Clear Msdb Backup History Safely
I came across a situation this week where the msdb database had grown to a large amount (130 GB). This is the largest I’ve ever seen msdb and is a result of no scheduled maintenance of the backup history for several years.
Why not just run
msdb.dbo.sp_delete_backuphistory I hear you say?
Well, when the history tables have over 100 million rows each and the database files are on the C drive, running this proc will require huge amounts of transaction log space. Each delete statement will be cleaning out millions of rows per table in a single transaction.
The Ola Hallengren Maintenance Solution includes a SQL Agent job to run this proc, however I would recommend for large msdb databases, the job schedule command is changed from the default.
Remove data in batches
The best way to do this is to remove the data in batches and commit the data so that the log can either be backed up and truncated, or in the case of SIMPLE recovery model, just truncated after a CHECKPOINT. As a DBA you will know that a CHECKPOINT flushes dirty pages from memory to disk which means the transaction log records are no longer required in case of sudden failure.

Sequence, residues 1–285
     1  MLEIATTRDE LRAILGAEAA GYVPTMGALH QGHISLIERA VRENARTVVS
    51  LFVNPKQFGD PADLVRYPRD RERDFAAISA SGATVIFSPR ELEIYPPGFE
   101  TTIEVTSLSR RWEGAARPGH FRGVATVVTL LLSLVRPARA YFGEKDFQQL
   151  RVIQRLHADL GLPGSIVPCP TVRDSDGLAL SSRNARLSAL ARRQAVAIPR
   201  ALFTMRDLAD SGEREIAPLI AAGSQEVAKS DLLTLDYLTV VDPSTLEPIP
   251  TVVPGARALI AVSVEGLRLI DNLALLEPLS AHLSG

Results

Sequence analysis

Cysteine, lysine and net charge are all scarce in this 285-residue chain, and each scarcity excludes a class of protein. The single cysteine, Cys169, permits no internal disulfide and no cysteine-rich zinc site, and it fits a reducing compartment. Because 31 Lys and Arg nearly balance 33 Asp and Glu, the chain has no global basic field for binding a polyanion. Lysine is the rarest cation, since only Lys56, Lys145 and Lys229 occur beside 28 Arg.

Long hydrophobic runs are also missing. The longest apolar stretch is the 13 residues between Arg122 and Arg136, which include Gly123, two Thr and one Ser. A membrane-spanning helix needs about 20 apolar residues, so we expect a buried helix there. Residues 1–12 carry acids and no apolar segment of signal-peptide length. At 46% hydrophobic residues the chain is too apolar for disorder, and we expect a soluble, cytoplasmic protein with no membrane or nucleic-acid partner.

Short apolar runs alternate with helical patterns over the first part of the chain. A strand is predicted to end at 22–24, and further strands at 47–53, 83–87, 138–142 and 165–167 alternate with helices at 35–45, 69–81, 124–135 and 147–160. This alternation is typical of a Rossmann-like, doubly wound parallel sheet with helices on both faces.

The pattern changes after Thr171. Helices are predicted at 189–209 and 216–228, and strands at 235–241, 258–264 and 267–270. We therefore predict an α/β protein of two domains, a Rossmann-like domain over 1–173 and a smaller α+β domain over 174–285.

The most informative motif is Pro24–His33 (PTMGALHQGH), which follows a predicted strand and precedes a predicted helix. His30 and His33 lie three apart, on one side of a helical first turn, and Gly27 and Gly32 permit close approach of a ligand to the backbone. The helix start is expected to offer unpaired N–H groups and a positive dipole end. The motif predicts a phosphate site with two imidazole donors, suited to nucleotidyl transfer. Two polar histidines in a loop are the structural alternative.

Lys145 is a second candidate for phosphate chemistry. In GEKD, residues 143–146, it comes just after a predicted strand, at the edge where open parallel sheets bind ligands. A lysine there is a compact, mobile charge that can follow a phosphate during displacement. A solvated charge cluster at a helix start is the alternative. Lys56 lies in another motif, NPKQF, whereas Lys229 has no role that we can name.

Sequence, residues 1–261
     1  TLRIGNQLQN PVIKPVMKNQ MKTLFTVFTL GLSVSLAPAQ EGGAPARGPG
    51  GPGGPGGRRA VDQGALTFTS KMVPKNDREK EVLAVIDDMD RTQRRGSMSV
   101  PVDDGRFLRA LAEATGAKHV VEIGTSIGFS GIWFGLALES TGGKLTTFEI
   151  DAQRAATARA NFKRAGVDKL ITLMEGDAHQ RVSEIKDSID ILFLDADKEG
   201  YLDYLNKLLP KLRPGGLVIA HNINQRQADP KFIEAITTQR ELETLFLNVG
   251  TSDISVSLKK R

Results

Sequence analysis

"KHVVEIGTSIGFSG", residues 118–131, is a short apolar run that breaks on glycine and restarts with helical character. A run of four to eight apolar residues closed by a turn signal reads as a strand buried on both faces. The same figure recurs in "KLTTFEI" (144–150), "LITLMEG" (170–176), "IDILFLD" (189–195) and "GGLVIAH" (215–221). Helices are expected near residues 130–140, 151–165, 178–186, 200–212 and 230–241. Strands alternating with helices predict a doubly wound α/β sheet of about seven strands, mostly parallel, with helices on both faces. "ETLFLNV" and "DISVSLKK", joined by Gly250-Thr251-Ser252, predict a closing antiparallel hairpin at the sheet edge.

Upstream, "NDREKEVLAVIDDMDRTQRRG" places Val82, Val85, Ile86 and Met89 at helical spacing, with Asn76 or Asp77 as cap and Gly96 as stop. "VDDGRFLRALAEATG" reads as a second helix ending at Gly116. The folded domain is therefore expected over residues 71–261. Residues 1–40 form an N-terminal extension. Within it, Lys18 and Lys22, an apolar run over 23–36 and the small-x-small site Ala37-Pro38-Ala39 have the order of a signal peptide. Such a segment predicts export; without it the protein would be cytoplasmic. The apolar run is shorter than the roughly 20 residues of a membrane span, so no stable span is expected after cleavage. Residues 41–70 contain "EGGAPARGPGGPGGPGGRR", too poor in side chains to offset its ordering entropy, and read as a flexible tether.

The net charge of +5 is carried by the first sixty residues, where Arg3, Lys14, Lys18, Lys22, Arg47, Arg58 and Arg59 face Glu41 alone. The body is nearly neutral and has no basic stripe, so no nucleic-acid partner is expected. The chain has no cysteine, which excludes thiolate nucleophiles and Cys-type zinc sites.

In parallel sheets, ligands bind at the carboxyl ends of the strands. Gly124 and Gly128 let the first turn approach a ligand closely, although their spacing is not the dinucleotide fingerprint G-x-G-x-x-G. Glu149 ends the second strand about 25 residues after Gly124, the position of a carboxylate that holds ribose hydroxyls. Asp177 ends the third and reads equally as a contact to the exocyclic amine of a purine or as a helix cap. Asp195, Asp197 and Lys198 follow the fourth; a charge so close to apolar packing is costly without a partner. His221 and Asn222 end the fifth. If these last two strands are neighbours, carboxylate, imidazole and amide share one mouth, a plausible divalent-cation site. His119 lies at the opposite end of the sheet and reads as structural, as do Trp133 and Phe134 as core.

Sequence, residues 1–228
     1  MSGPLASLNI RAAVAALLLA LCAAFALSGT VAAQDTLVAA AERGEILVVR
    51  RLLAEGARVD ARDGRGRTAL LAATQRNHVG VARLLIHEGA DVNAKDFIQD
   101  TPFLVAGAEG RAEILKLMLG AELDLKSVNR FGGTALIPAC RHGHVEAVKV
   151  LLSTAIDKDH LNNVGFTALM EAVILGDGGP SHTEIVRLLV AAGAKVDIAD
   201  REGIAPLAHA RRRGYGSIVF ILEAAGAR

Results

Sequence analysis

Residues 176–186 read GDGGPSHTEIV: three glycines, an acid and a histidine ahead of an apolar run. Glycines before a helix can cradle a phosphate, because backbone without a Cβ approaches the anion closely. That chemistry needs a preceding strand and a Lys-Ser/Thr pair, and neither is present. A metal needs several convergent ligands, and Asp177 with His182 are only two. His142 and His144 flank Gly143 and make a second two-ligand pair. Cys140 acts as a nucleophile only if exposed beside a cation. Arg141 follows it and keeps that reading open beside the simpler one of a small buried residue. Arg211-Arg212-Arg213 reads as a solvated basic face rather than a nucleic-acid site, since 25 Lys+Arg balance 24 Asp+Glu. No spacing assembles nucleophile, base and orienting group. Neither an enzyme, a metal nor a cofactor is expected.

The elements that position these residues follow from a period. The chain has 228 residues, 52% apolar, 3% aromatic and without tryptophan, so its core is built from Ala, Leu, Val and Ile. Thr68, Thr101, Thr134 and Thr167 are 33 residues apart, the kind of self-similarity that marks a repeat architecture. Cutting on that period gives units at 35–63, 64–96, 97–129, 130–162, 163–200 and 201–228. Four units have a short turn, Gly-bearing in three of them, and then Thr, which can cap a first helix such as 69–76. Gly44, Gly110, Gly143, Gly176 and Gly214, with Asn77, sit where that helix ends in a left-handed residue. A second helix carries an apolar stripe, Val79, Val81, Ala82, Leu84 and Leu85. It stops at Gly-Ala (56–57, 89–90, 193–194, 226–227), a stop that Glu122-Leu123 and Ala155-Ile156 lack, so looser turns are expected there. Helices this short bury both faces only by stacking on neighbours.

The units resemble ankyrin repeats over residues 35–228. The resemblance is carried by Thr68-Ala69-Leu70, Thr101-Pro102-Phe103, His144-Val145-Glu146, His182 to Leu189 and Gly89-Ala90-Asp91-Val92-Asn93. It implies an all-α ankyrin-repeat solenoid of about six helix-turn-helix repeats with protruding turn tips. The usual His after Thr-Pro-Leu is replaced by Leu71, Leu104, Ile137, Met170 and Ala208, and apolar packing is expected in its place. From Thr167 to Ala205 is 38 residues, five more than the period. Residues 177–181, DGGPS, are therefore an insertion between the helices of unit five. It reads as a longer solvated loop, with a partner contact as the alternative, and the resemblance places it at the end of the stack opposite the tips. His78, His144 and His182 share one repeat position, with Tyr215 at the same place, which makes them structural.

The built-in stored procedure
msdb.dbo.sp_delete_backuphistory accepts a parameter
@oldest_date. If we find out what the oldest record is in the
msdb.dbo.backupset table we can work backwards from there in chunks and delete the data from oldest to newest up to a limit.
I have changed the script in the Ola Hallengren sp_delete_backuphistory SQL Agent job to this:
Feel free to play around with the variable defaults to suit your system. I ran this query to decide on a
DaysToKeep of 60 days and
chunk_days of 3 days. You may find that if you have a lot of databases with frequent transaction log backups, that it is kinder on the transaction log if you delete one day at a time and set
@chunk_days to 1.
I ran this query and it took three hours to clean out msdb on a system with three years history and fifteen minute transaction log backup frequency.
Of course, once the process has finished there will be lots of empty space in msdb. With the housekeeping job running frequently in a schedule, that space is no longer needed, so use DBCC SHRINKFILE to reclaim the disk space.
Obviously do this in chunks so as not to blow up the msdb transaction log again or lock msdb for an extended period causing your transaction log backups to stall.
10 GB chunks should be enough, something like this:
The other way I considered was to re-write the
msdb.dbo.sp_delete_backuphistory procedure with a parameter called
@batch_size or something, but that would have required much more work and testing. It’s best to wrap around a script that is proven in production than to take the risk of re-writing it.